Anna's AI Anthology

How to live with smart machines?

This anthology is meant to make the authors and the readers think and talk - a book made by humans for humans.
As a special feature there will be a graphic novel by Anna & Moritz Strasser.

Tentative timeline:
Call for Paper: 15.8.2023 | Deadline for abstracts: 15.09.2023 | Acceptance: 15.10.2023 | Deadline full paper: 24.12.2023 | Intended publication date: January/February 2024

Editor: Anna Strasser, DenkWerkstatt Berlin
Publisher: xenomoi Verlag, Berlin

CALL FOR PAPERS (deadline was 15 August)
This anthology is inspired by the hybrid workshop 'Human and Smart Machines as Partners in Thought?' organized by Anna Strasser & Eric Schwitzgebel in May 2023 at UC Riverside.
Everyone who wants to participate in the CFP is encouraged to watch the videos of the workshop!

    Please send your abstract with max. 1000 words as Pdf- or Word document plus a short biographical note to: berlinerdenkwerkstatt@gmail.com
    Please use the following subject when submitting: Submission for CFP Anna's AI anthology
    Large language models (LLMs) like ChatGPT or other AI systems have been the subject of widespread discussion. This book project aims to deliver a comprehensive collection of philosophical analyses of our interactions with AI systems, their capacities, and their impact on our society.
    To address these issues, the following questions might serve as an inspiration:

(1) How should we describe interactions with AI systems?
• tool use | "social kinds" | conversational partners | intermediate category
(2) What capacities can we ascribe to AI systems?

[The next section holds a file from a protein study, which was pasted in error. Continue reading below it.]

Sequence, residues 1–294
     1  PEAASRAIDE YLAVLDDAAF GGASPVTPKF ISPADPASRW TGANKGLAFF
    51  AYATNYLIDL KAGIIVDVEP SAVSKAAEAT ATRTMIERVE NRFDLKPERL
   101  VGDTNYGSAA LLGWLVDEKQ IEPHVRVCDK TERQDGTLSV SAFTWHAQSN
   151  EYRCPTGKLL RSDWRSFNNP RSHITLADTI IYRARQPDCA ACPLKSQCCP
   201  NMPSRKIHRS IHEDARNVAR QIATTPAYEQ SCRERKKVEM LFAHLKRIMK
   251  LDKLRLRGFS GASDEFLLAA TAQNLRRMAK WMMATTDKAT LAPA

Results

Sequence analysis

• agency (linguistic actions in conversations | producing text | making decisions)
• rationality (instrumental/reflective | mental representations | thinking | comprehension)
• consciousness – desires – sentience
(3) What impact will AI systems have on our society?
• challenging traditional distinctions between thinking partners and tools that merely produce strings of words
• emotional and intuitive pull to treat AI systems as sentient
• regulations – responsibility – control


Daniel Dennett
We are all Cherry-Pickers

Ophelia Deroy
Ghosts in the machine

Keith Frankish
What are large language models doing?

Eric Schwitzgebel with Anna Strasser
Quasi-Sociality: Toward Asymmetric Joint Actions

Paula Droege
Full of sound and fury, signifying nothing

Joshua Rust
Minimal agency in living and artificial systems

Sven Nyholm

Henry Shevlin

Michael Wilby

Daniel Dennett (Tufts University): We are all Cherry-Pickers
Large Language Models are strangely competent without comprehending. This means they provide indirect support for the idea that comprehension, (“REAL” comprehension) can be achieved by exploiting the uncomprehending competence of more mindless entities. After all, the various elements and structures of our brains don’t understand what they are doing or why, and yet their aggregate achievement is our genuine but imperfect comprehension. The key to comprehension is finding the self-monitoring tricks that cherry-pick amongst the ever-more-refined candidates for comprehension generated in our brains.

Eric Schwitzgebel (UC Riverside) & Anna Strasser: Quasi-Sociality: Toward Asymmetric Joint Actions in AI Systems
What are we doing when we interact with LLMs? Are we playing with an interesting tool? Do we enjoy a strange way of talking to ourselves? Or do we, in any sense, act jointly when chatting with machines? Exploring conceptual frameworks that can characterize in-between phenomena that are neither a clear case of mere tool use nor fulfill all the conditions we tend to require for proper social interactions, we will engage in the controversy about the classification of interactions with LLMs. We will discuss the pros and cons of ascribing some form of agency to LLMs so they can at least participate in asymmetric joint actions.

Henry Shevlin (University of Cambridge): LLMs, Social AI, and folk attributions of consciousness